Improved tolerance to boron deficiency by enhanced expression of the boron transporter BOR2
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Boron (B) cross-links the pectin polysaccharide rhamnogalacturonan II (RG-II) and thus is important for cell wall structure in plants. B deficiency is an agricultural problem that causes significant losses of crop productivity worldwide. To address this, B deficiency-tolerant plants have been generated using B transporters. With the goal of further improving plant tolerance to low-B conditions, we generated transgenic Arabidopsis thaliana (L.) Heynh. with enhanced expression of BOR2, a B transporter that promotes cross-linking of RG-II and root elongation under low B supply. We generated a DNA construct containing the cauliflower mosaic virus 35S RNA promoter, a native promoter of BOR2, a BOR2 gene and green fluorescent protein (GFP) (Pro35S-BOR2: BOR2-GFP), and obtained three independent transgenic lines with relatively high levels of BOR2-GFP expression. In the transgenic lines, BOR2-GFP was expressed mainly in the lateral root caps in the meristem zone and in the epidermal cells in the elongation zone, similar to its expression when driven only by its native promoter. In the Pro35S-BOR2: BOR2-GFP lines, BOR2-GFP was also expressed in various cells in the maturation zone of roots and epidermal cells of shoots, where the expression was hardly detectable in ProBOR2: BOR2-GFP lines. The transgenic lines were cultured under various B concentrations on solid media and it was found that root growth of three lines and shoot growth of two lines were enhanced compared to wild-type plants under low-B conditions. This finding established that enhanced expression of BOR2 leads to improved root growth under low-B conditions. We also examined growth of the transgenic lines under hydroponic conditions. One of the three lines showed better growth and fertility under a low-B condition, while the wild type did not set seeds under the same condition, suggesting the potential utility of BOR2 expression in agricultural applications.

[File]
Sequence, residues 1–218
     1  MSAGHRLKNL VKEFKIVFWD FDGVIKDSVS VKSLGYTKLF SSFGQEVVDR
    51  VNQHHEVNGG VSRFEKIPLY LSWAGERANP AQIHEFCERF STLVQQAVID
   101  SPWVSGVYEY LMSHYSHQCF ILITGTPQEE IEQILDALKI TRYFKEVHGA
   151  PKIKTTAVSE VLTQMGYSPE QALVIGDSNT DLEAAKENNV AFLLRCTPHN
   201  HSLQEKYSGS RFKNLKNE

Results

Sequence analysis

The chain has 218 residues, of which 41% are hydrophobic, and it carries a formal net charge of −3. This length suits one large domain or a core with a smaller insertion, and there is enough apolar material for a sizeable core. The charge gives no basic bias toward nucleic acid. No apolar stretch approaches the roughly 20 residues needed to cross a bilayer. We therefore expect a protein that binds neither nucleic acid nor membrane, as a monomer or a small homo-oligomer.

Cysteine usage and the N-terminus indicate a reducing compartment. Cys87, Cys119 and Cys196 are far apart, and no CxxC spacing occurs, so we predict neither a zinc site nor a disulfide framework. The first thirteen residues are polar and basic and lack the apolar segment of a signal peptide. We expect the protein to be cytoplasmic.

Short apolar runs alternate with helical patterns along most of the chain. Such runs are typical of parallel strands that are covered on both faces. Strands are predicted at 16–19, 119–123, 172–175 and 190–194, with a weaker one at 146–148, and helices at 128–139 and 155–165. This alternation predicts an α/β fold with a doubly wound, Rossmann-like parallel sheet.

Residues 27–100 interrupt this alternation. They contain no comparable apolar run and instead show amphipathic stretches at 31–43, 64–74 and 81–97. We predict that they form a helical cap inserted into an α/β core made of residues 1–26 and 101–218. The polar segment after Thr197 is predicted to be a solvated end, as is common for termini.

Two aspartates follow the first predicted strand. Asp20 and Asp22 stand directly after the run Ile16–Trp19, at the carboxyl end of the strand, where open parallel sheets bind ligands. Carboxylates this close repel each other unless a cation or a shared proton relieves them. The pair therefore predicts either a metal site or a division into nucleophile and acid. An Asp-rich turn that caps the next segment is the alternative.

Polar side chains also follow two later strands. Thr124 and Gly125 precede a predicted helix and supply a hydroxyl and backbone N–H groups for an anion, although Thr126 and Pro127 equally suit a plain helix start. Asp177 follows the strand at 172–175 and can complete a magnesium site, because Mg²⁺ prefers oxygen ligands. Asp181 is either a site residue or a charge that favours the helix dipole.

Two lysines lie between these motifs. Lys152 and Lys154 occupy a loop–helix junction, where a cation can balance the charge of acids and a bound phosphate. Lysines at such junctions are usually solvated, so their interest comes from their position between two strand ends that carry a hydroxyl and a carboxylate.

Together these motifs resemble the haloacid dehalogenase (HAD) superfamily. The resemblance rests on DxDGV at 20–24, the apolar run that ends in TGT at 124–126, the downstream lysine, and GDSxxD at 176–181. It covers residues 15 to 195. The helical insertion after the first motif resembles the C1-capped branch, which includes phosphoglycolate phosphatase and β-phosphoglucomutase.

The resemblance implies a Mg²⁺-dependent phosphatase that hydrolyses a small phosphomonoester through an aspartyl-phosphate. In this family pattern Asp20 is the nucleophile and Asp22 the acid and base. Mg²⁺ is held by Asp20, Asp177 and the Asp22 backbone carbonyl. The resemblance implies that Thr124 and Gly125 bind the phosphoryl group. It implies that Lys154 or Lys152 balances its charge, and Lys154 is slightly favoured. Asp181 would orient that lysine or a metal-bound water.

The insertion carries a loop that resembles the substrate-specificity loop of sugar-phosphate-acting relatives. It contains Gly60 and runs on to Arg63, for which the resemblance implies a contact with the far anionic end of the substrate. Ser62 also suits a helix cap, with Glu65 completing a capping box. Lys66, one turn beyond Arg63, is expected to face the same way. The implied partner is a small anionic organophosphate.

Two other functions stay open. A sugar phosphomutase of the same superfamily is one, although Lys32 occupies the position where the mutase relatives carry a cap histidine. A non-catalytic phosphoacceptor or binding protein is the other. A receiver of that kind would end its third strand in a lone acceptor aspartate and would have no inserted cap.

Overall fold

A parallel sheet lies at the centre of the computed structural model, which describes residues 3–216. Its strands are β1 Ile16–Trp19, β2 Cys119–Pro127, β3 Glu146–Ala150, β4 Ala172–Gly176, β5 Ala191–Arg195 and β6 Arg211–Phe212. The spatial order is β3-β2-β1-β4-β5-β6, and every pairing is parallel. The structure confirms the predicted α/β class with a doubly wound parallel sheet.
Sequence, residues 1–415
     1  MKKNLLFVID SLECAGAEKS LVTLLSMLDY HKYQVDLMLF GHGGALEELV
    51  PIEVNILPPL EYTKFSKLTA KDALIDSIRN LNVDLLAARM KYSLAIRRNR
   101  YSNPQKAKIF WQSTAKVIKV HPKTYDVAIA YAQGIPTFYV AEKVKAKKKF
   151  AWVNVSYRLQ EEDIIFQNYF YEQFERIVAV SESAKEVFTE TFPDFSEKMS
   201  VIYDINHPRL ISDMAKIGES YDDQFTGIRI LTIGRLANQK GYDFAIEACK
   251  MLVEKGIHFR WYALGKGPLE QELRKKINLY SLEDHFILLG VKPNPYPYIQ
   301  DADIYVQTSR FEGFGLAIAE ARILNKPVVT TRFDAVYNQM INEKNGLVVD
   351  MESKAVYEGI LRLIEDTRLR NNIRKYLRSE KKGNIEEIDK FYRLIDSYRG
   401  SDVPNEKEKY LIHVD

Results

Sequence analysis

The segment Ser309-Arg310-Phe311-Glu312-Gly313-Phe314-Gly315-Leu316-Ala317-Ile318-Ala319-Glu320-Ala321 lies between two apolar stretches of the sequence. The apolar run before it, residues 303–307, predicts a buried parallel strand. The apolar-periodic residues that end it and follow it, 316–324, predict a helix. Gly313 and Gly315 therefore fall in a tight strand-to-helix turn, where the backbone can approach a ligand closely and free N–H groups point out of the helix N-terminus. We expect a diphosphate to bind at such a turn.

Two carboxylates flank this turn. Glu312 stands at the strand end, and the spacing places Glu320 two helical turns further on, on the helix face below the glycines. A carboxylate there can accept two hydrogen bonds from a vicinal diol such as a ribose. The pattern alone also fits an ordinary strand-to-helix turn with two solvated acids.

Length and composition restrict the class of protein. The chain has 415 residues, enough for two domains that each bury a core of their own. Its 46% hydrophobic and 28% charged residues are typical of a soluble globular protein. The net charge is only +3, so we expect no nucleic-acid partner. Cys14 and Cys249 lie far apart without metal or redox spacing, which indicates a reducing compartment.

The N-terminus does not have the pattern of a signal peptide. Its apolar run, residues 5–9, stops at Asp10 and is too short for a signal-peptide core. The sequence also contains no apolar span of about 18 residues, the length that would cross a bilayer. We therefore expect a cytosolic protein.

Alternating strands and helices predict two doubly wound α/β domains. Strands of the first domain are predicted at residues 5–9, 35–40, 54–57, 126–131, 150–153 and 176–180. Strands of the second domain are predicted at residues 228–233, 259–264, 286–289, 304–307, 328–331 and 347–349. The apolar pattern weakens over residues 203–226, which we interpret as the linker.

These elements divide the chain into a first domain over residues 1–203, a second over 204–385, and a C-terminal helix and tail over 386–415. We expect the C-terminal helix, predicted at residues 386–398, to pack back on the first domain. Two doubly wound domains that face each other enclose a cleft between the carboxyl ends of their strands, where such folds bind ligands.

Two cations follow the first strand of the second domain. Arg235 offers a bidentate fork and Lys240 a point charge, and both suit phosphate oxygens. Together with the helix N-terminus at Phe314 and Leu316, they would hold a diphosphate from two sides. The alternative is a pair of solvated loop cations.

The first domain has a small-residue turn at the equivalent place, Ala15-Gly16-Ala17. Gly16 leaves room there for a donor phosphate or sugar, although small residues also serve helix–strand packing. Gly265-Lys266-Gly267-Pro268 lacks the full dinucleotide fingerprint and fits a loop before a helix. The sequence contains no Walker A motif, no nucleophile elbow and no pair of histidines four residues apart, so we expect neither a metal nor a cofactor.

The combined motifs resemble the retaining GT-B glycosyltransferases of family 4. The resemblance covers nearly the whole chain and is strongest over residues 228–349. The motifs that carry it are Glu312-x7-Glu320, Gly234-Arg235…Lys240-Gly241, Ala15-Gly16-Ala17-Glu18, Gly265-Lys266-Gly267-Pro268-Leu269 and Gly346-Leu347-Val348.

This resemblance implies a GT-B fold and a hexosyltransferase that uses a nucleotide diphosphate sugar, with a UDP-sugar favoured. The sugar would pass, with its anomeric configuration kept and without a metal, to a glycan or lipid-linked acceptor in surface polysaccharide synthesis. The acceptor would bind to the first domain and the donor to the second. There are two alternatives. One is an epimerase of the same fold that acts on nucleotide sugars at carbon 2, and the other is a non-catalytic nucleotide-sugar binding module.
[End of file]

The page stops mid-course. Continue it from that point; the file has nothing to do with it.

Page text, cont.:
- Soil Science and Plant Nutrition
Soil Science and Plant Nutrition 60(3), 341-348, 2014-06
Taylor & Francis